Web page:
SCHWEID, ELIEZER (1929– ), Israeli philosopher, scholar of Jewish studies, and educator. Born in Jerusalem to socialist-Zionist parents who made aliyah to Palestine in 1924/5, he was educated in the "worker's-stream" school system established by the Zionist labor movement. He was active first in the Maḥanot ha-Olim youth movement and later in the Tenu'ah ha-Me'uḥedet. In 1947 Schweid joined his youth movement's hakhsharah, with which he enlisted in the Palmaḥ and fought in Israel's War of Independence. Upon release from military service in 1949 he became a founding member of kibbutz Ẓor'a.
In 1953, Schweid began his studies at the Hebrew University under such formidable figures as Gershom Scholem, Shlomo Pines, and Yitzhak Baer. He joined the faculty of the university in 1961 and subsequently redesigned the discipline of Jewish Thought as a course of study that includes all intellectual endeavor within Jewish civilization, from biblical literature to the present. His most important contribution to Jewish scholarship, in this regard, was the introduction of Jewish Thought in the modern period as a legitimate focus in both teaching and systematic research. Schweid's scholarly and philosophical works delve into the breadth and depth of modern Jewish Thought, though he also contributed to the research of medieval Jewish philosophy, as well as biblical thought.
Schweid always displayed a deep interest in Jewish education, including his role in establishing (1974) Kerem, the humanistically oriented teachers college in Jerusalem aimed at training teachers in Jewish studies for the non-religious Israeli public schools; his involvement in "the Shenhar Commission" (1995), which formulated a new approach to Jewish studies in the general educational system in Israel; and his teaching at the Schechter Institute of Jewish Studies in Jerusalem. He was awarded the Israel Prize in Jewish Thought in 1994.
As a philosopher of Judaism, Eliezer Schweid is best known for his focus on the concept of Judaism as culture. His particular understanding of Jewish existence may be seen as a combination of the attitude initially held by the eastern European *Haskalah of the 19th century, and that of the western European Liberal Judaism and the *Wissenschaft des Judentums which developed within its environment. The latter contributed to Schweid's interpretation of Judaism from a universal-humanistic perspective and religio-philosophical dimension. The thinkers whose writings had the biggest influence on him are Ḥayyim Naḥman *Bialik, Aharon David *Gordon, and Hermann *Cohen. Bialik's call for a renewal of Jewish culture and religiosity, combining modern secularism with a deep commitment to the continuity of Jewish tradition, reappears in Schweid's work as a call for the general public to take responsibility for Jewish culture in all its aspects (see: The Jewish Experience of Time: Philosophical Dimensions of the Jewish Holy Days, trans. by Amnon Hadary, (2000)). A.D. Gordon's philosophy of nature, on the other hand, serves as the basis for Schweid's particular interpretation of Zionism as an extension of Jewish life, and for his ethical-religious vision of a future Jewish society that may be described in terms of prophetic-socialism. In Masot Gordoniyyot Ḥadashot – Humanism Globalizaẓya, Post-Modernism ve-ha-Am ha-Yehudi (2005), Schweid uses various insights acquired through his studies of Gordon's writings to delineate the social, cultural, and moral challenges facing the Jewish people in the present period of globalization, and to show how these challenges may be met successfully. Finally, Schweid found in the thought of Hermann Cohen a basis for discussing the religio-ethical value of Judaism as a historical religion. From the beginning, Schweid's understanding of Judaism as culture was of a secularist orientation, in that for him culture is the result of human creativity. And yet, over time, he came to emphasize more and more the religious elements of Judaism as necessary to bring to fruition the social and ethical orientations already emphasized in the socialist-Zionist education he received as a youth.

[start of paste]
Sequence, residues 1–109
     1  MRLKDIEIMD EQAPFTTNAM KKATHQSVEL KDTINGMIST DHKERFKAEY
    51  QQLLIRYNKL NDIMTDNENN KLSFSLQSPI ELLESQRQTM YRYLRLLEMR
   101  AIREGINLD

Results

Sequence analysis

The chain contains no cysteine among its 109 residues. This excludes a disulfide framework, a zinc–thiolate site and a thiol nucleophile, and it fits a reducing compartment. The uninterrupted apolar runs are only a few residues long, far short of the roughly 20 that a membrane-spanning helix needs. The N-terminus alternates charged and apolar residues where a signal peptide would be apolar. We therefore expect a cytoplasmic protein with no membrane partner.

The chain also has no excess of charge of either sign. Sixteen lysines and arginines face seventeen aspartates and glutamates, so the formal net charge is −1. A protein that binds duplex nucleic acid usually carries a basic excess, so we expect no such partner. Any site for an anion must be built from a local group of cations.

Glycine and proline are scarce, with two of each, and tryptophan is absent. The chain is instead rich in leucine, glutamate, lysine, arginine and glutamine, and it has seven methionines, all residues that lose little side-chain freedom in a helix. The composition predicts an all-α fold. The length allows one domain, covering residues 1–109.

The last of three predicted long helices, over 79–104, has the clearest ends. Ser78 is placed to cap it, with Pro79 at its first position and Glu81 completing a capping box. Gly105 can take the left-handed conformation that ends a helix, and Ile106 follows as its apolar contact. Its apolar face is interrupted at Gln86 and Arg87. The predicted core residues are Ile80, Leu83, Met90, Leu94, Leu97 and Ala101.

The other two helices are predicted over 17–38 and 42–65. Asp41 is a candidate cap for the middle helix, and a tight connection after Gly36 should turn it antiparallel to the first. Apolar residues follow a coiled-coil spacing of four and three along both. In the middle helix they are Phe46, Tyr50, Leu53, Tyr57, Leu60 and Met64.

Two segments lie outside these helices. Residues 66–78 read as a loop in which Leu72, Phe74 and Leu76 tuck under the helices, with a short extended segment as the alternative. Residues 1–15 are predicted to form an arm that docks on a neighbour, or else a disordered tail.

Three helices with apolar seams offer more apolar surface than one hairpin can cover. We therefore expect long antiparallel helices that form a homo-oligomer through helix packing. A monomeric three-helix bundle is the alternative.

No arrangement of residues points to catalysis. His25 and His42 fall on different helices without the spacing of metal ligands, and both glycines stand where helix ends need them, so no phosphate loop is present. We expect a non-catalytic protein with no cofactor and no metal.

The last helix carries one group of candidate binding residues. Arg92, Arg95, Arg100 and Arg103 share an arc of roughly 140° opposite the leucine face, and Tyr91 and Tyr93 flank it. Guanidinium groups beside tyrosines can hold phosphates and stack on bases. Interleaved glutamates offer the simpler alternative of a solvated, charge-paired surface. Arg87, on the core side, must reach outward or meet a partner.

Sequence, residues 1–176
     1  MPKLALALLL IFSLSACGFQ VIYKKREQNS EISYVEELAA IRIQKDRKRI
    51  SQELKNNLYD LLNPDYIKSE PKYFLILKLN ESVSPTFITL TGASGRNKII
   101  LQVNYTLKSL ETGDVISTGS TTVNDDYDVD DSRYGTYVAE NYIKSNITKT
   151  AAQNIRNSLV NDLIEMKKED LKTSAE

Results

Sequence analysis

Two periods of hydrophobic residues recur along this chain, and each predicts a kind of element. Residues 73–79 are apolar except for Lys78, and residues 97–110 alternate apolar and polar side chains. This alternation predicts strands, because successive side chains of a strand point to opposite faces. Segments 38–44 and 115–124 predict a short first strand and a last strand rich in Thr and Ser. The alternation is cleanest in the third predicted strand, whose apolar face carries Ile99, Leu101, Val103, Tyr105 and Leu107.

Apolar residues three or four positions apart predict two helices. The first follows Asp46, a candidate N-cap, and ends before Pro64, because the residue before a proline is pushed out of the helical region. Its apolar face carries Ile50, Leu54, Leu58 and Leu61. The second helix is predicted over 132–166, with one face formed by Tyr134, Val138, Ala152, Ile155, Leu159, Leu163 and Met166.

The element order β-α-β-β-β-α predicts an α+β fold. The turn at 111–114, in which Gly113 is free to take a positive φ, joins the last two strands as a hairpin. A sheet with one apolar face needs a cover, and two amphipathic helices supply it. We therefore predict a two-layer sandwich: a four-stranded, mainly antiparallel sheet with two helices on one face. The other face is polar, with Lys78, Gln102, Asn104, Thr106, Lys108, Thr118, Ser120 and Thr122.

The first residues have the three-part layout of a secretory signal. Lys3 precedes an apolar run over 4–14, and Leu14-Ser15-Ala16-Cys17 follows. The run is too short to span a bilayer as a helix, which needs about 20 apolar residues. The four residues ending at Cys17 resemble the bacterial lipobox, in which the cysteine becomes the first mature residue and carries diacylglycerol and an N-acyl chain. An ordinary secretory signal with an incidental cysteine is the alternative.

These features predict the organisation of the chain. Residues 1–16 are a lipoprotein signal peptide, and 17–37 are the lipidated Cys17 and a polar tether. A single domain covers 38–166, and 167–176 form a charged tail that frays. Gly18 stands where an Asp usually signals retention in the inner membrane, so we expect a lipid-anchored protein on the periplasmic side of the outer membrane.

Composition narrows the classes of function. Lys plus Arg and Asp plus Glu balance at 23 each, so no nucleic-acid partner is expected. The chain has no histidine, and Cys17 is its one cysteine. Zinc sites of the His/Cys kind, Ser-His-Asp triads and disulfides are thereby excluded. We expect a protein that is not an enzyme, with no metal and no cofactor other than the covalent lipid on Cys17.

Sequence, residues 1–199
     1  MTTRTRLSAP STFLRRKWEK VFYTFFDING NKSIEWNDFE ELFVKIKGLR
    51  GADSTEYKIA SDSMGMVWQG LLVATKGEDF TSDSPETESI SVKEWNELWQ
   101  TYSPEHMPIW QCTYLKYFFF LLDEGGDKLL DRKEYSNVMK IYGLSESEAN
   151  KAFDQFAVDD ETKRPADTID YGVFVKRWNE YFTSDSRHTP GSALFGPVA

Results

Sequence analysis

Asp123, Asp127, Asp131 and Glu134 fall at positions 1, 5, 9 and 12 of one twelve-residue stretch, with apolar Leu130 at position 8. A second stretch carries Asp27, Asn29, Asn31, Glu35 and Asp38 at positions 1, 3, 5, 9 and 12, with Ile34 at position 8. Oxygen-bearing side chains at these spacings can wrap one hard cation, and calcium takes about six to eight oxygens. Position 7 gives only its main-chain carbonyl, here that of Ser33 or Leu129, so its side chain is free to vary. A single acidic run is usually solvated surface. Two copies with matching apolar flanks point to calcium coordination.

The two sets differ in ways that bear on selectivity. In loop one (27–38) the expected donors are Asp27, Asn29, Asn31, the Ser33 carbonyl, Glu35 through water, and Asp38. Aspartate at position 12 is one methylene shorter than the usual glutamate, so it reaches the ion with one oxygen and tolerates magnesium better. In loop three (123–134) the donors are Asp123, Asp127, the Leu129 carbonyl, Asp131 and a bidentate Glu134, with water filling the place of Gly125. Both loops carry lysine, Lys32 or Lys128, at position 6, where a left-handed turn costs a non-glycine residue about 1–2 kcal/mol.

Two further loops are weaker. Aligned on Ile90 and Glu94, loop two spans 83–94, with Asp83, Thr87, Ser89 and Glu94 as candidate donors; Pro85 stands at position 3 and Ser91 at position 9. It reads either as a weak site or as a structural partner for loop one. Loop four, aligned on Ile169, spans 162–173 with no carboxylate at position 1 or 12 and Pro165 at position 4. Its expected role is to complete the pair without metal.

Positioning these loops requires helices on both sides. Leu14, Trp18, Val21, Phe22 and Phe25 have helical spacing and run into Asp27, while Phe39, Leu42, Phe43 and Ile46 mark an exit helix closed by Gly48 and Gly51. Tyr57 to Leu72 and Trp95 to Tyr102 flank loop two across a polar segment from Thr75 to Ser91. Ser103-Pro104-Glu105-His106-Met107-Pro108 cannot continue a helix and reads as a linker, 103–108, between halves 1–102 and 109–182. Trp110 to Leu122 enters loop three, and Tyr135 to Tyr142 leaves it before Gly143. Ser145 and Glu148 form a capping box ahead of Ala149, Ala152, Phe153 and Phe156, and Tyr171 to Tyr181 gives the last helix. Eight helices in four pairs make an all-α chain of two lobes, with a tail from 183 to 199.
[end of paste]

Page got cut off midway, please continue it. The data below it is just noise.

As an educator and a philosophical observer of Jewish education in its social-cultural context, Schweid's approach may be seen as similar to that of the American Jewish philosopher, Mordecai *Kaplan. The Israeli equivalent to Kaplan's presentation of Judaism as a civilization is Schweid's demand that we understand Judaism as a broad culture in which non-religious Jews must be party to the continued existence of the Jewish heritage and contribute to its current development. Like Kaplan, Eliezer Schweid's philosophical reflection on the problems of Jewish existence is that of a man of faith who nevertheless is deeply rooted in the tenets of modern secularism.
A full bibliography of Schweid's works is in Yehoyada Amir (ed.), Derekh ha-Ru'aḥ (Eliezer Schweid Jubilee Volume), vol. 1 (Jerusalem, 2005), 451–97.
Y. Amir, Derekh ha-Ru'aḥ (2005), 3–162 (studies of various aspects of his philosophy and scholarly works); M. Oppenheim, "Eliezer Schweid," in: S. Katz (ed.), Interpreters of Judaism in the Twentieth Century (1993), 301–24; G. Greenberg, "Consoling Truth – Eliezer Schweid's 'Ben Hurban le'yeshua'," in: Modern Judaism, 17:3 (1997), 297–311.
[Joseph Turner and
Yehoyada Amir (2nd ed.)]